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Friday, September 20 • 12:11pm - 12:45pm
What Are the Pro- and Anti-Competitive Claims Driving the European Commission’s Platform Policies? A Case Study Based Analysis of the European Commission's Take on Platform Cases

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The European Commission’s digital single market policies are becoming increasingly concerned with the impact of so-called ‘platforms’ on competition in the internal market. Whereas the Commission acknowledges the contributions of platform companies to innovation and consumer welfare, it also sees actual and potential damages occurring from their powerful position. As such, the Commission aims to strengthen the enforcement of its competition law rules in this area. We do not focus on the actual outcome of the application of competition law, but more so on the claims made about the pro- and anti-competitive effects of platforms that inform both agenda-setting and actual decision-making. After analysing four case studies we came to the conclusion that the Commission, in these cases is (1) recognizing the platform circumstance as their focus is more on B2B relations rather than B2C; (2) focusing more on behavioural than structural effects; (3) finding it difficult to hand out the right mix of remedies in ex-ante regulation; (4) somewhat understanding of the impact of network effects; (5) quite complex in their analysis especially for software-based mergers. Finally, we observe that the Commission’s stance is largely inspired by legal and economic experts and public interest concerns are largely missing from the debate.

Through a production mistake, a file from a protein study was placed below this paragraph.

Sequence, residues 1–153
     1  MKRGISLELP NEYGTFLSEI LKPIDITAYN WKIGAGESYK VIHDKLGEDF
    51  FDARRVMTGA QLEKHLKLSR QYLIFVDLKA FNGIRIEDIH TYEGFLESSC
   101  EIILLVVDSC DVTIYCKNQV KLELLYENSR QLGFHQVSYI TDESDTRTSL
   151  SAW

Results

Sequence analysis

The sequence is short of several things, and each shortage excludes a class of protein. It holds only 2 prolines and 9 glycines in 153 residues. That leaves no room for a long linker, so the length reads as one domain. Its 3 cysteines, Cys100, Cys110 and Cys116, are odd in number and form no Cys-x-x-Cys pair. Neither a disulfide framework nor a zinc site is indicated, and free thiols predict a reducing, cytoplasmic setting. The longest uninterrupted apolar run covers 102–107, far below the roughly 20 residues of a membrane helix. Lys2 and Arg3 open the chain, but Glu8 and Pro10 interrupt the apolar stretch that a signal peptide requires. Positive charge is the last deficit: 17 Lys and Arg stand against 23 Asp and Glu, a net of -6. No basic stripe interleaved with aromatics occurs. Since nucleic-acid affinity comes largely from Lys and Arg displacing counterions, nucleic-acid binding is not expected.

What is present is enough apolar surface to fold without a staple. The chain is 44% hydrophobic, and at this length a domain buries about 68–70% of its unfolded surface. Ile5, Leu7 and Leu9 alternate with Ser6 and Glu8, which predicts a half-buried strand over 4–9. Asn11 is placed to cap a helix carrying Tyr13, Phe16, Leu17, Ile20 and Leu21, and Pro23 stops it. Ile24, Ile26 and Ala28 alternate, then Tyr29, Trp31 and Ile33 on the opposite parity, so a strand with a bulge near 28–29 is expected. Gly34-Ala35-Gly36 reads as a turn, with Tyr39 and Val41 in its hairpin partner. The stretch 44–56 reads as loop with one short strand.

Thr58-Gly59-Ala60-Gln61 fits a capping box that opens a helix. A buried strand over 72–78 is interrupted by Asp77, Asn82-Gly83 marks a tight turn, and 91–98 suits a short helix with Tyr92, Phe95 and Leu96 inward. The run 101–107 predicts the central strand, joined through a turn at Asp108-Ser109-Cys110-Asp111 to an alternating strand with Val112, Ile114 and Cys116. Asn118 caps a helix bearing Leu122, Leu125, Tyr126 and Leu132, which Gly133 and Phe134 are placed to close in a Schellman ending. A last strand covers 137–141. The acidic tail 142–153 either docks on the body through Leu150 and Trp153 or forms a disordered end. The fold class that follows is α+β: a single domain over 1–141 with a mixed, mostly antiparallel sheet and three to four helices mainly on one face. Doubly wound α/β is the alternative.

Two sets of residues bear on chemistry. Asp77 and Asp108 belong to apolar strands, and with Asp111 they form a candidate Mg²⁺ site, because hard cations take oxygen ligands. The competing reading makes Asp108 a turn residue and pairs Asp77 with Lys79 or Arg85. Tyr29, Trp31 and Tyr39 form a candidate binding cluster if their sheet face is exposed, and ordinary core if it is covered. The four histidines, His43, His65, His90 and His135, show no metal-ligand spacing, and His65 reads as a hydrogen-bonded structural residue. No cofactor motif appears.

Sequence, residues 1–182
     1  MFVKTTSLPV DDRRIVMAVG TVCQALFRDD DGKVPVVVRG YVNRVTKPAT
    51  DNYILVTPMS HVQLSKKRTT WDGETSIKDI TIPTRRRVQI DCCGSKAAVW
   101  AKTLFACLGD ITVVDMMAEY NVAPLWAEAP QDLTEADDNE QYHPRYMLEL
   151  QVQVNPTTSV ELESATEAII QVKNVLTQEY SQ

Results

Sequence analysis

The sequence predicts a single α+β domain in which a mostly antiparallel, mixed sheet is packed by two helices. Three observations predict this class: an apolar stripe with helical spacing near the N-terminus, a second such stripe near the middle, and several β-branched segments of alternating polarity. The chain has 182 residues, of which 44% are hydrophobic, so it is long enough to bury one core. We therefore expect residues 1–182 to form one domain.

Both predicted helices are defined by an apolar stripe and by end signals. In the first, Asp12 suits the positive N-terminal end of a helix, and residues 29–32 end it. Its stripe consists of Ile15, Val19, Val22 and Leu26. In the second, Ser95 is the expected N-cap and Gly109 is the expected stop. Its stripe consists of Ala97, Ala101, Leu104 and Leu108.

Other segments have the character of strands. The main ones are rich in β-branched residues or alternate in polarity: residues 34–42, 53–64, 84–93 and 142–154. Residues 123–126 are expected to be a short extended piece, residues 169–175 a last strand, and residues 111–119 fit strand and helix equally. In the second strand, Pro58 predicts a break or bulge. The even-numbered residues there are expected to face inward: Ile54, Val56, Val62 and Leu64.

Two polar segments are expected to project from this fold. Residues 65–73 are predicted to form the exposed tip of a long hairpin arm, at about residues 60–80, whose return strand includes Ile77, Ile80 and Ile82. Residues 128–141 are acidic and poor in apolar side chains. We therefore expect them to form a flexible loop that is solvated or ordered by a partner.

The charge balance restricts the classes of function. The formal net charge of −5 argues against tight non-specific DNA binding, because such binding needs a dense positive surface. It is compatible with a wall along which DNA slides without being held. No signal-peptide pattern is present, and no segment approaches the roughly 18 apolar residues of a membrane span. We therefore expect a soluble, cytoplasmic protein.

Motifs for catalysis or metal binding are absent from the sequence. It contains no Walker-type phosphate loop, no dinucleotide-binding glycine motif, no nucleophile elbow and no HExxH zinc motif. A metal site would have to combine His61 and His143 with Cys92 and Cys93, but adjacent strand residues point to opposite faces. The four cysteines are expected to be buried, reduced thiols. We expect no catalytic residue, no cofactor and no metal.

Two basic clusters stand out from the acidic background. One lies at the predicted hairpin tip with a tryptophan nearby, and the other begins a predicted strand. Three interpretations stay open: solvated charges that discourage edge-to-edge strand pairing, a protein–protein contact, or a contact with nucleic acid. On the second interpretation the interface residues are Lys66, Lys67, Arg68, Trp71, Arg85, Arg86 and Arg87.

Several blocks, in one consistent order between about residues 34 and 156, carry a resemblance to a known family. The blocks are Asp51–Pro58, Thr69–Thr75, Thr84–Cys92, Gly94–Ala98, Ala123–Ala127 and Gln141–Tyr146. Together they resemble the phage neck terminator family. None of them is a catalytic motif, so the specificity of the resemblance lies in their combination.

Bronwyn E. Howell

Victoria University of Wellington


Adelaida Afilipoaid


Karen Donders

Vrije Universiteit Brussel

Pieter Ballon

Vrije Universiteit Brussel

Friday September 20, 2019 12:11pm - 12:45pm PDT
NT08 WCL, 4300 Nebraska Ave, Washington DC